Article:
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• To record the history of the large format movies and the 70mm cinemas as remembered by the people who worked with the films. Both during making and during running the films in projection rooms and as the audience, looking at the curved screen., a unique internet based magazine, with articles about 70mm cinemas, 70mm people, 70mm films, 70mm sound, 70mm film credits, 70mm history and 70mm technology. Readers and fans of 70mm are always welcome to contribute.

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70mm Film in Gartenbau Kino
Dates and Films will be announced in October

The 70mm Newsletter
Written by: -Date: 02.09.2012
The Gartenbau, 31.12.2010. Image by Veronica Gottlieb Mortensen.


The Gartenbaukino and the Viennale present the first 70mm wide-format film in Vienna in 20 years

The pinnacle and apotheosis in film projection culture is 70mm. Compared to the normal 35mm film, the so-called wide-format has three times as much picture area and thus more richness in detail and scope for higher resolution. Seventy millimeters is the overpowering experience, a spectacle of viewing, the epitome of a large and luxurious cinema. The format that has existed in the cinema industry since the early days was used in extravagant feature films like Ben Hur, Lawrence of Arabia and Cleopatra and popular musicals like Sound of Music, West Side Story and My Fair Lady by studios as a “wonder weapon” against the competition of TV and the constantly growing pop-cultural competitive offers.

Yet 70mm was too expensive to be able to assert itself consistently in a big way. It remained an ennobled version of cinema, an exception for cinemas that were particularly cumbersomely endowed, and for special occasions. The format was very popular up to the 1970s and then only used again occasionally – most recently in the films of Terrence Malick or Christopher Nolan, who were determinedly looking for the outstanding quality and physique of the analog film grain.
More in 70mm reading:

7OMM at the Gartenbau Kino

The 7OMM Ultra Panavision Roadshow in Gartenbau Kino, Vienna, Austria

Now showing in 70mm in a theatre near you!

DP70s in Austria

70mm film projection at the “Leokino”

Internet link:

Gartenbau Kino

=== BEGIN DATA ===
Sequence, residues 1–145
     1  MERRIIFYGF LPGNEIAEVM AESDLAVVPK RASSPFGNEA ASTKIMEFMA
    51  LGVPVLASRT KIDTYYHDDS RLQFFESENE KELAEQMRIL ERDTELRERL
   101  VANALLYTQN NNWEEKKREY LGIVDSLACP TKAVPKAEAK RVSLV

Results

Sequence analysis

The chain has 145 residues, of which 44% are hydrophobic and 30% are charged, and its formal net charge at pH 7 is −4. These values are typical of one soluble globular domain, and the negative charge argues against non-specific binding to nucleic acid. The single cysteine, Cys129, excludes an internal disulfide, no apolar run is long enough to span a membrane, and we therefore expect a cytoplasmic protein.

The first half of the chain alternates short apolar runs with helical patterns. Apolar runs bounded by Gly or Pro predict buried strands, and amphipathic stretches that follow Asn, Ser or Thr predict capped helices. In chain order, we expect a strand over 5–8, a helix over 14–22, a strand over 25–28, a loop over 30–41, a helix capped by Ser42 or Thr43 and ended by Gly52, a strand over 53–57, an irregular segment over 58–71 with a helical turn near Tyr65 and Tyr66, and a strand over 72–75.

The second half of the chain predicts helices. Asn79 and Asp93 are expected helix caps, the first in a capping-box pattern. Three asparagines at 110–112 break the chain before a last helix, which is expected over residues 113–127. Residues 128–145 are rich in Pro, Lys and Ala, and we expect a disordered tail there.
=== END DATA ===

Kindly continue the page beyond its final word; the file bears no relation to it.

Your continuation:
Parkring 12
1010 Vienna

At its opening in the year 1960 with the film Spartacus by Stanley Kubrick, the Gartenbaukino was the first cinema in Austria to make a profit out of the technical revolution. The projectors installed back then still do their job to this day, by the way. Two Philips DP70 combination devices for 35mm and 70mm, with the serial numbers 2032 and 2038, frequently seen as the most stable and reliable projectors of their kind and more or less unchanged in 50 years.

The last time this wide-format equipment was regularly used was at the end of the 1980s – and after that, one more time for the screening of the restored version of Spartacus as part of the Viennale, thus closing the circle again. Since then, the system has been in repose; the sound system was disconnected, the screen made smaller, the horizontal lining affixed.

The year 2012 marks a year of a huge paradigm shift within worldwide cinema culture. Digitalization is making progress in leaps and bounds; analog devices are being eliminated; film copies destroyed. Those who can’t accept the changes get left behind. The Gartenbaukino is one of the few Austrian cinemas still able to play the 70mm. And especially in this year of supposed progress, the Viennale and the Gartenbaukino have decided that it is time – now more than ever – to make it possible in Vienna to relive a chapter of legendary film culture for the first time in two decades.

Cinema the way it hasn’t been for some time, on the biggest and finest screen in the city that still has unbeaten picture and sound quality, despite 3D and digitalization.

VIENNALE, Siebensterngasse 2, A-1070 Wien, Tel: +43 (0)1 526 59 47, Email:

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Updated 07-01-21